*Like the princess cut, because it tends to be deeper than a round brilliant, the cushion will tend to look smaller than a round brilliant.

*Finding a setting for a cushion cut can be a challenge. Sometimes a round setting will work, and sometimes a princess or radiant setting will do, but BE CAREFUL. I've seen a few cushions that were jimmied into the wrong style of setting, and if jostled in one of these "make do" settings, the cushion can rotate and pop out.

*Cushion cuts can be very nicely or very poorly cut.

Radiant Radiants

The Advantages of Radiant Cuts:

*This proprietary cut is about forty years old now, and the original cutter of the 'octagonal modified brilliant cut' claimed it was as brilliant, or MORE brilliant than a well cut Round Brilliant. A well cut Radiant is indeed very lively.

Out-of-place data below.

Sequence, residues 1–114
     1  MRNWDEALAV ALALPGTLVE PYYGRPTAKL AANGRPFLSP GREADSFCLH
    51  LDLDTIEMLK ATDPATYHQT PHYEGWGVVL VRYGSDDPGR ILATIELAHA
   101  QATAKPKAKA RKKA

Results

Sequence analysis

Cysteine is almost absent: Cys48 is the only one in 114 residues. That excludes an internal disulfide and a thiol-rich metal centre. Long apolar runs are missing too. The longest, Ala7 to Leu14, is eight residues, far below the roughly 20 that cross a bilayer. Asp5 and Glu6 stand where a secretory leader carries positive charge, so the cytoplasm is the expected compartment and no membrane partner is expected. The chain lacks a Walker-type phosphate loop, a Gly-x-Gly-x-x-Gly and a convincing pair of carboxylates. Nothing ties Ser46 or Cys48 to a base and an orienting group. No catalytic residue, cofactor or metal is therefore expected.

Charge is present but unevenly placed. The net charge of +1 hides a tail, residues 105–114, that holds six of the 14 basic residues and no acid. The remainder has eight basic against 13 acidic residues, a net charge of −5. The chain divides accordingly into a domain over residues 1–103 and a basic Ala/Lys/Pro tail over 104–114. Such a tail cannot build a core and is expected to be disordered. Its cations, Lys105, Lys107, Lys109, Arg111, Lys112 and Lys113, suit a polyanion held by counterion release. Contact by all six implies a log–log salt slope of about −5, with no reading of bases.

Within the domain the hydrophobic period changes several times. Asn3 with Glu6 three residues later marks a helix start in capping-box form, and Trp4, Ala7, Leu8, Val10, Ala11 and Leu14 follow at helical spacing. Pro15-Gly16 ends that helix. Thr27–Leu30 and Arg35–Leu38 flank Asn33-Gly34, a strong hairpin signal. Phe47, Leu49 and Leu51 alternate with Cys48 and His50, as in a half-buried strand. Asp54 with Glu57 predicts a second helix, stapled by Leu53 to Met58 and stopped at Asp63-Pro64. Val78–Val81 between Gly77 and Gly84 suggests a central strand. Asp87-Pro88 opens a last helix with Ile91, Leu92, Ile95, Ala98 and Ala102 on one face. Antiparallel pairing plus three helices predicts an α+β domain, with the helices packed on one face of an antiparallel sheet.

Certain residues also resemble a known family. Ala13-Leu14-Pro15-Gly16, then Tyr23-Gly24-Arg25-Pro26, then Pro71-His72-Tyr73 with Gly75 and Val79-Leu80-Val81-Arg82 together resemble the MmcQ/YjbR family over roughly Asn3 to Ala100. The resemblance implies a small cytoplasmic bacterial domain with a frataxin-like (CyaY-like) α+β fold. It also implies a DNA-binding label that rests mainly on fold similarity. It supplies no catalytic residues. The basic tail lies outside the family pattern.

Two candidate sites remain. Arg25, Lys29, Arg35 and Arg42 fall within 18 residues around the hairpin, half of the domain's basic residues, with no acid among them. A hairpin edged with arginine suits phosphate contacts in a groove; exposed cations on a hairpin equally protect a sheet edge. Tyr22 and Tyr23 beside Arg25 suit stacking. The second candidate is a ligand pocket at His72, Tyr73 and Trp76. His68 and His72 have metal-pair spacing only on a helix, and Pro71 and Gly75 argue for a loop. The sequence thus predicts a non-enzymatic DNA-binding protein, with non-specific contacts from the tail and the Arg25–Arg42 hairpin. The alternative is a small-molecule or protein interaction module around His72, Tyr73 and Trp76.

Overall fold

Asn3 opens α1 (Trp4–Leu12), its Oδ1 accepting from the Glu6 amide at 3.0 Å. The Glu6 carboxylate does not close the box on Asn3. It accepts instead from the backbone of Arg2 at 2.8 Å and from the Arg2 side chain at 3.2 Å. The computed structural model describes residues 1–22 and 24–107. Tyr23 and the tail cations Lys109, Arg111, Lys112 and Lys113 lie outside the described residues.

*Unlike Princesses, Radiant Cuts can be particularly pretty as rectangular brilliants. Look for proportions similar to an Emerald Cut, or look for a nice square. Tiffany & Co.'s Lucida cut is a variant of the Radiant Cut.

Disadvantages of the Radiant Cut

*There are knockoffs, and generally any square or rectangular brilliant cut with the corners lopped off is called a 'Radiant' cut. Technically, it's a copyrighted cut.

*The Radiant Cut will also look smaller than a round.

*Though there are more and more settings to accommodate Radiant and Cushion shape diamonds, the selection of pre-made settings is still limited.

Just Say AAaaaaHHH to Ovals

The Advantages of Oval Diamonds

*An oval diamond tends to look bigger than a round of equivalent carat weight.

*Ovals sell at a discount to rounds.

*A well-cut oval is a very flattering shape on a hand that's not nineteen years old...There's something very attractive about mimicking the shape of the nail bed. I love big ovals on women who are self conscious about their hands.